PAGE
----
rediff.com

Archive for May, 2013

The Third Voice

First appeared the Business Standard

The comment that our normally mild-mannered and scholarly prime minister was reported to have made in an interview with Science magazine, that “There are NGOs [non-governmental organisations], often funded from the United States and the Scandinavian countries, which are not fully appreciative of the development challenges that our country faces…”, continued to ring in my head for several months. Was there more to NGOs than I had thought so far – at best, an independent third voice in India, bringing specialised expertise to areas such as health care and environment; at worst, idealists clamouring for a way the world ought to be rather than what it was?

I stayed in this stage of puzzlement for a few months till I encountered an article by Professor Nimruji Jammulamadaka of the Indian Institute of Management, Calcutta, in The Critical Review, a scholarly journal devoted to politics and society. The article, “The Needs of the Needy or the Needs of the Donors?”, takes a close look at 5,000 NGOs operating in about a thousand mandals, or administrative divisions, in Andhra Pradesh and running close to 2,000 projects. The focus of her investigation was to establish what factors – or independent variables – explained the number of NGOs in each mandal. In other words, if some mandals had more NGOs than others, what factors explained this. Her first finding was that NGOs begot NGOs – that is, if a mandal already had NGOs operating in the area, there was a greater chance of more NGOs being formed there. Her second finding was that the more extensive the activities of Christian missions in a mandal, the greater the chance of finding other NGOs there. Her third finding was that the easier the availability of funding (mostly from international sources) for some mandals, the greater the chance of NGOs being founded there – the Naxal-prone areas of Andhra Pradesh, for example, do not attract much funding and, thus, have far fewer NGOs. All these findings lead Professor Jammulamadaka to the question in her title: do NGOs get created and sustained to cater to the needs of the needy, or do they exist to cater to the needs of their donors?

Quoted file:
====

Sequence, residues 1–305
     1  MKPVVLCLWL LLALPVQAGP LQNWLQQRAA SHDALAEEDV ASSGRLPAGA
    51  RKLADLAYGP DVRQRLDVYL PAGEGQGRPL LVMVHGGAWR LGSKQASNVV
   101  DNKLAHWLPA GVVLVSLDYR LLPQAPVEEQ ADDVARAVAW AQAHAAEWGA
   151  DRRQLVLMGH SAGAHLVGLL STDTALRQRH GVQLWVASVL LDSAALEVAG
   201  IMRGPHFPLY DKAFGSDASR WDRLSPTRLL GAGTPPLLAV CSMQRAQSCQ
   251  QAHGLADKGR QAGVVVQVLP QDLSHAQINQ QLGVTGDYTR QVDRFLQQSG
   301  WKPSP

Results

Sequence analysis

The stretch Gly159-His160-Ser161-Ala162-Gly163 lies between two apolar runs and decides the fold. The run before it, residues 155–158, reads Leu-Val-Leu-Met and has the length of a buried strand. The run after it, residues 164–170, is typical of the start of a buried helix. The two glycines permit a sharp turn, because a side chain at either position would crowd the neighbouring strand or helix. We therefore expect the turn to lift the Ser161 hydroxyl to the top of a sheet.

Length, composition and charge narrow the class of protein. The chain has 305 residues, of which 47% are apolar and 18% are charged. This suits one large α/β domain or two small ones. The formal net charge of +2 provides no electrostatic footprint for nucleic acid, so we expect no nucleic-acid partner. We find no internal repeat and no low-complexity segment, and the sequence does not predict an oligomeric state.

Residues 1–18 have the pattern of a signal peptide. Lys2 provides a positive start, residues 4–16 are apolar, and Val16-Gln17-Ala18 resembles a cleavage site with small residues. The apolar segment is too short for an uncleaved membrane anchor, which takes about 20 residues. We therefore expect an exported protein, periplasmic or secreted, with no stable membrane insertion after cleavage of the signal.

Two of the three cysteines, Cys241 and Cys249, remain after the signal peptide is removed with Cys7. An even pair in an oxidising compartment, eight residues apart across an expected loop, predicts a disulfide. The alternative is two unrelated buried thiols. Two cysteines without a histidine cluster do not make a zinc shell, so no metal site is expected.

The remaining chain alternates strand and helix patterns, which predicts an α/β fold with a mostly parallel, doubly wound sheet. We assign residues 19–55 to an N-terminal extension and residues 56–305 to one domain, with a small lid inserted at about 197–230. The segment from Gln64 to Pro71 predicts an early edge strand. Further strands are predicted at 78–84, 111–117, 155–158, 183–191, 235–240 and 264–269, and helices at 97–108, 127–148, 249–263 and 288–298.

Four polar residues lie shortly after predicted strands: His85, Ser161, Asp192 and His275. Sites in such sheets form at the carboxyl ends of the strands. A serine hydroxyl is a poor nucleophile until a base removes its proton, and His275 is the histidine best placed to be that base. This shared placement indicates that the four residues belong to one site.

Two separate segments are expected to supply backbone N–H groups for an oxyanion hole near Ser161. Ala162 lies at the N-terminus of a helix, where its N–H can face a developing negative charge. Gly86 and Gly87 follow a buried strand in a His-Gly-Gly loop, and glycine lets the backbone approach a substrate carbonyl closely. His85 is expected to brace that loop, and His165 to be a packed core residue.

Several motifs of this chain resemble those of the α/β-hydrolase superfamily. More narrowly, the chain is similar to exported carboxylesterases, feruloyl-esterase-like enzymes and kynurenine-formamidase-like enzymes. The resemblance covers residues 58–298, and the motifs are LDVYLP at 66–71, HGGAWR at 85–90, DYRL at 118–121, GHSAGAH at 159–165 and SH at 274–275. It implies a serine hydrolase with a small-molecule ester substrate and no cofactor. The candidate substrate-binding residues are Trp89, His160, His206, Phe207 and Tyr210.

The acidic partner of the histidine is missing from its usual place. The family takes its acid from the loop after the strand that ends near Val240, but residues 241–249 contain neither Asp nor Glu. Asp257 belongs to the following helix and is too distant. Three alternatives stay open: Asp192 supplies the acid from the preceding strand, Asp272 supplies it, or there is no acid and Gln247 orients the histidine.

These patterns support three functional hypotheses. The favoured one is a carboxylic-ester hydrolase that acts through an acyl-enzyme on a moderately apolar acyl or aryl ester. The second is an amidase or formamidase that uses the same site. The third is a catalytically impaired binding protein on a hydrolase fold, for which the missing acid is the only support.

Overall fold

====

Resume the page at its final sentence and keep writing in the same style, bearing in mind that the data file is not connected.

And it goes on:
A marker of the Indian NGO world is the transnational links that these organisations have forged that offer them increased leverage and autonomy, thereby allowing them to enter into conflicts with governments. But this has its hazards as well, says William Fisher of Harvard in his article titled “Doing Good? The Politics and Antipolitics of NGO Practices” (Annual Review of Anthropology). By depending on this kind of international funding, constituencies become “customers” and members become “clients”. This process of co-option of NGOs by development agencies, he says, is by now so advanced that NGOs may be destined to become little more than the frontmen for such interests.